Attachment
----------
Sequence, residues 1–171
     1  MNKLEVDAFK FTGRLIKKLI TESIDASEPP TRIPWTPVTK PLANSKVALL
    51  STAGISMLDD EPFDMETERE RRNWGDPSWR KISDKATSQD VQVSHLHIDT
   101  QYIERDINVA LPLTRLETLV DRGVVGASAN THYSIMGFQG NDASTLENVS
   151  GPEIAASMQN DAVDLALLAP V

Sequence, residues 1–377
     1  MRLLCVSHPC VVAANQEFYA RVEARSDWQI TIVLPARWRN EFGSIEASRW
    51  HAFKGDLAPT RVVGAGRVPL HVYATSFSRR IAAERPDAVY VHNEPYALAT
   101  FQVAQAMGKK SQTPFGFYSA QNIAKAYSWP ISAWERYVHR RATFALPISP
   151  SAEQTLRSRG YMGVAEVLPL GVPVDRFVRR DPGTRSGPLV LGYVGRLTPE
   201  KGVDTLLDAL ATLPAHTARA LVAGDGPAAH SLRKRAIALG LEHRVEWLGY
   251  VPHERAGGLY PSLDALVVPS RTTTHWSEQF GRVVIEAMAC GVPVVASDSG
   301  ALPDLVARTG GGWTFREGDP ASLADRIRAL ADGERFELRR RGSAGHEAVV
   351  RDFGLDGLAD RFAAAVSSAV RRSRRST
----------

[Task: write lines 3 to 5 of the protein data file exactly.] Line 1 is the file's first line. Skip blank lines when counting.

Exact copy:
    51  STAGISMLDD EPFDMETERE RRNWGDPSWR KISDKATSQD VQVSHLHIDT
   101  QYIERDINVA LPLTRLETLV DRGVVGASAN THYSIMGFQG NDASTLENVS
   151  GPEIAASMQN DAVDLALLAP V